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NYSE Composite Index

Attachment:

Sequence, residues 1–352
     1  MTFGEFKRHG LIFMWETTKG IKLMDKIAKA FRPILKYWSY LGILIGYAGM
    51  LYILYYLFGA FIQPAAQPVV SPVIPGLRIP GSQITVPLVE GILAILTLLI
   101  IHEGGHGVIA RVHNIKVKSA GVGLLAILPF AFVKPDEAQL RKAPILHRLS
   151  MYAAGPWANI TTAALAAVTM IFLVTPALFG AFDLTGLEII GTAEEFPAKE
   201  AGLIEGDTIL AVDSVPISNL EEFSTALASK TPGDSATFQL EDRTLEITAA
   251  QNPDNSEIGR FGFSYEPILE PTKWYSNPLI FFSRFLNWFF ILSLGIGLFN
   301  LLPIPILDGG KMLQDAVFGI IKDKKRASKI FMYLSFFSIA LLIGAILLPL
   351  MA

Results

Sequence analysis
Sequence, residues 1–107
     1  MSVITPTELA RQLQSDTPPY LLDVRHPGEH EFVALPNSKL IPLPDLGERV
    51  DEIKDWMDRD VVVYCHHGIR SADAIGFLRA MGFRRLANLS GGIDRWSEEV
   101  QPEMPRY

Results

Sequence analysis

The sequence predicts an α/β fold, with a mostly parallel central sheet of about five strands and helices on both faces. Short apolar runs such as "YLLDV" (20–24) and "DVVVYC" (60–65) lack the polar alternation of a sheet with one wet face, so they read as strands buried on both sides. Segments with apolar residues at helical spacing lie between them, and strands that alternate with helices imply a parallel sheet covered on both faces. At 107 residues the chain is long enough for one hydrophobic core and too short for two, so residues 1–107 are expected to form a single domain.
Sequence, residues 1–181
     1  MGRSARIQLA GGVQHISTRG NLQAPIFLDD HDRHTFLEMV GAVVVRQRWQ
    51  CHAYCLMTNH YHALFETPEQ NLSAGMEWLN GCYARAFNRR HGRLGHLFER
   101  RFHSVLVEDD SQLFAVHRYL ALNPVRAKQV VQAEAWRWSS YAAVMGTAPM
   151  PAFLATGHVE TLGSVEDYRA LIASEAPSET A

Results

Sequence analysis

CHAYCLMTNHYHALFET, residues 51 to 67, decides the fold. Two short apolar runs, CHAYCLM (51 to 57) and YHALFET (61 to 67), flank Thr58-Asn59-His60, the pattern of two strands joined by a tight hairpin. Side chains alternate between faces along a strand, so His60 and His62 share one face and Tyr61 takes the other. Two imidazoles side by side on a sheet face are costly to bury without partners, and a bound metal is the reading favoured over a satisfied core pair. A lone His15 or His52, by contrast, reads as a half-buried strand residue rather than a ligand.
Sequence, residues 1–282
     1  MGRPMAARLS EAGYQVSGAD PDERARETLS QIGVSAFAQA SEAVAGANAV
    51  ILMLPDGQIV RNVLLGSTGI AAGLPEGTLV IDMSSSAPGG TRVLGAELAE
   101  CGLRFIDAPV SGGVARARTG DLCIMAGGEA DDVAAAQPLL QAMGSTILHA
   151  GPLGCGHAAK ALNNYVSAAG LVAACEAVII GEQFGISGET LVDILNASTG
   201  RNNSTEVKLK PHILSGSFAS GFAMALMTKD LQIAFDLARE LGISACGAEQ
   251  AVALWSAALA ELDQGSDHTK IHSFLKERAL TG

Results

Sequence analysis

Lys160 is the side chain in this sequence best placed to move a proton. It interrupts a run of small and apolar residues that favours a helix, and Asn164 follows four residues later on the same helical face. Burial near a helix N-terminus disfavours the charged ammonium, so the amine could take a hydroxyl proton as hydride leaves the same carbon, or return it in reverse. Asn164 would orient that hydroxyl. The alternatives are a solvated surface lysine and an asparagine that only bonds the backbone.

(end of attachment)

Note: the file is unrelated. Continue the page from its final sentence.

In 1966, the NYSE established the NYSE Composite Index to provide a comprehensive measure of the market trend for the benefit of many investors who are concerned with general stock market price movements. The indices consist of a Composite Index of all common stocks listed on the NYSE and four subgroup indices—Industrial, Transportation, Utility, and Finance. The indices are basically a measure of the changes in the aggregate market value of NYSE common stocks, adjusted to eliminate the effects of capitalization changes, new listings, and delistings. The market value of each stock is obtained by multiplying its price per share by the number of shares listed. The aggregate market value, which is the sum of the individual market values, is then expressed relative to a base-point market value. The base value was set at 50 on December 31, 1965, because this figure was reasonably close to the actual average price of all common stocks at that time. The arithmetic procedure in calculating the index is shown in the following simplified example: year-end total market value of common stocks, $5,943.5 billion, divided by adjusted base market value, $901.9 billion, multiplied by 50 equals the index, 329.51 at year-end. Every measure of changes in stock prices—index or average—must frequently be adjusted to reflect only movements resulting from auction market activity and to eliminate the influence of corporate actions. This index deals with any change in the capitalization of an individual issue or of all issues in aggregate by making a proportionate change in the base figure's market value.